Ewing Park residents face religious bigotry by Eric Poole

The following story includes a Pennsylvania case FFRF was involved with. It was originally published June 25 in the Ellwood City Ledger and is reprinted with permission.
By Eric Poole

When Danielle Morabito opened her mailbox Thursday, she didn’t expect to become the victim of a hate crime. So she was surprised about it.

Morabito, who lives in Ellwood City’s Ewing Park neighborhood with her fiancé, Joel Stinson, said someone claiming to be one of her neighbors put a letter in her mailbox asking her to remove “idols” and “pagan and gay pride flags” from her yard.
Here’s the anonymous letter, including grammar and punctuation errors, in its entirety (but minus salutations and a “thank you” sign-off):

“Although it is appreciated that you have made your yard look nice, this is a Christian neighborhood and it would be appreciated if you wouldn’t push and or display your pagan beliefs in plain sight. Please remove all the idols, pagan and gay pride flags from view.”
Wow. According to the Internet, you’re never supposed to go full Godwin, but my dad spent two years in Europe during the 1940s fighting a war against people like the person who wrote this note.

If that reference was too esoteric, I’m calling the letter writer a fascist.

Morabito and Stinson are Christians — they also have a cross in their front yard — but they respect such Eastern traditions as the use of meditation. They have a Zen garden in the back yard, not visible from the street, and several Buddha statues, some of which can be seen from outside the property.

Contrary to the letter writer’s assertion, the flags have nothing to do with “gay pride” — even though Morabito and Stinson are in favor of gay rights. They are Tibetan prayer flags, similar to the banners that mountain climbers of all faiths place on Himalayan peaks out of respect for the Sherpas who provide invaluable assistance during expeditions in the world’s highest mountain range.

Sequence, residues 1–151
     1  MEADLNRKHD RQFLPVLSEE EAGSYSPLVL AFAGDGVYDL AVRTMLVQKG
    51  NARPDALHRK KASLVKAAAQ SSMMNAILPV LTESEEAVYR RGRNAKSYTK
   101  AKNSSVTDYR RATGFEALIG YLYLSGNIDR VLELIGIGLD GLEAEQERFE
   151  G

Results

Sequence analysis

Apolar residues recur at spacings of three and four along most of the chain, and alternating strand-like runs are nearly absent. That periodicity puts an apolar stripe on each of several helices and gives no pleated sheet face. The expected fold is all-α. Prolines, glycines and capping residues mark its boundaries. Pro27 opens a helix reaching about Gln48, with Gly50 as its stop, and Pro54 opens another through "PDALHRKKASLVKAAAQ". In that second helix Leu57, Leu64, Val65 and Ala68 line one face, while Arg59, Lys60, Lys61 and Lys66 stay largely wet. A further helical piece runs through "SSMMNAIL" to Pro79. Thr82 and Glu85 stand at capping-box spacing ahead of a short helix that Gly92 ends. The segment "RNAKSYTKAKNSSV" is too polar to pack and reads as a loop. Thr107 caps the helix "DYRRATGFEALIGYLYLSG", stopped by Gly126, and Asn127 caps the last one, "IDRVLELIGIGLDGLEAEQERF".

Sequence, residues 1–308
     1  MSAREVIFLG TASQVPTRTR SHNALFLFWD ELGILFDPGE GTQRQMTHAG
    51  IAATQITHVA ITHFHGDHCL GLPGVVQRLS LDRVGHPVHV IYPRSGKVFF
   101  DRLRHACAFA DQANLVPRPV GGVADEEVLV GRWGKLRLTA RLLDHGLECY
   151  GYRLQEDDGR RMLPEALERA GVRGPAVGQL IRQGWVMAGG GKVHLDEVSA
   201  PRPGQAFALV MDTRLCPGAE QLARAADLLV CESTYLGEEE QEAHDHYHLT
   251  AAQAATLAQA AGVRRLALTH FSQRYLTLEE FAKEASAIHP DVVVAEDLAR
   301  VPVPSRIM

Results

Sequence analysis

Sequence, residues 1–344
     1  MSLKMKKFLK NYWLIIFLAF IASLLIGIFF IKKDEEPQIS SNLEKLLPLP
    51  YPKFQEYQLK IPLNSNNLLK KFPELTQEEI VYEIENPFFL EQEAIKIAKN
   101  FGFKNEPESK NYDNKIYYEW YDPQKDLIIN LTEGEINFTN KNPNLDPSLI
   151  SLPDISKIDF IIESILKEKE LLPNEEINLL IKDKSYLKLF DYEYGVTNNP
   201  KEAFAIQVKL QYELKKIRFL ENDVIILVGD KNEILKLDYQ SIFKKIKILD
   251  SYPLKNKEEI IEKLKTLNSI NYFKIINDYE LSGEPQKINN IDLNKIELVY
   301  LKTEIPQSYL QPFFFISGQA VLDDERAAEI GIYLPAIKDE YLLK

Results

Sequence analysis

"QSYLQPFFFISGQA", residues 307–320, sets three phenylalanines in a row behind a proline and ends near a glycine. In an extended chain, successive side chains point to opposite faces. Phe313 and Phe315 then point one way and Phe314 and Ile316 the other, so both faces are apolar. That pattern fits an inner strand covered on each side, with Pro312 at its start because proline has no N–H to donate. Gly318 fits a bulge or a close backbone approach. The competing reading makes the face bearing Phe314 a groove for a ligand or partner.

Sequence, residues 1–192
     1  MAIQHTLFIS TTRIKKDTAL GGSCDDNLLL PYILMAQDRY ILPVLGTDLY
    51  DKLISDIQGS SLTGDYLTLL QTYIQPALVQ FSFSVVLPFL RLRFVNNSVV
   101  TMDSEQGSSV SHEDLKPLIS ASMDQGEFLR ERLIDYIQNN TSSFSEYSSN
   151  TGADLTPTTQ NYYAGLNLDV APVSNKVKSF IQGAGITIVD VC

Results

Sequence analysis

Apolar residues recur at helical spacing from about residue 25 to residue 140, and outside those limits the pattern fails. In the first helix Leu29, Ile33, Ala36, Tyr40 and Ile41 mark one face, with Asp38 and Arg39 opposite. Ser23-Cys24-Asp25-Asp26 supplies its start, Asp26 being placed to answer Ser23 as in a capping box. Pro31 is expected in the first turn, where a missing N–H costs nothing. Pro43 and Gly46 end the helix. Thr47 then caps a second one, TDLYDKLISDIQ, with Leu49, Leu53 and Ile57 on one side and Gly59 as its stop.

Not that the nature of the symbols matters.

Because in the absence of harm to anyone else, property owners have the right to adorn their residences as they desire. And, no, that doesn’t mean you get to do whatever you want with your property. There are, and should be, laws against stuff like running a porn shop next to a school or construction that increases runoff into your neighbor’s basement.
But the letter writer’s apparent butt-hurt at catching a glimpse of Buddha’s belly or some billowing prayer flags constitutes neither harm to the neighborhood nor – contrary to the claim in the letter, an attempt by Morabito and Stinson to “push and or display” any beliefs.

I mean, it’s not like they were trying to erect a religious display on the Ellwood City Municipal Building front lawn. Now that would be pushing and displaying a belief.
Y’see, while representatives of the Freedom From Religion Foundation were threatening to sue Ellwood City three years ago to have a nativity display removed from in front of the municipal building, they repeatedly said religious displays belong on private property, such as churchyards.

Or on the lawns of residents.

Evidently, the Wisconsin atheists practiced more religious tolerance than did the letter writer.

I was surprised by the letter, but I shouldn’t have been considering that this world is full of fundamentalists of all shades and the defining characteristic of a fundamentalist might be an overwhelming desire to obsess and condemn what other people are up to.
Or, if you prefer, overlooking the planks in their own eyes to fixate on the specks in their neighbors’.

All discussions of personal freedom and property rights aside, the letter writer made a request to remove the offending items. So, on behalf of Morabito and Stinson, here’s the answer.

“My first reaction was, ‘I have to go shopping and get more Buddhas,'” Morabito said when asked what she thought about the letter.

So, I guess that would be a “No.”

Eric Poole is a staff writer and columnist for the Ellwood City (Pa.) Ledger and author of the military history Company of Heroes (Osprey Publishing, 2015).

Freedom From Religion Foundation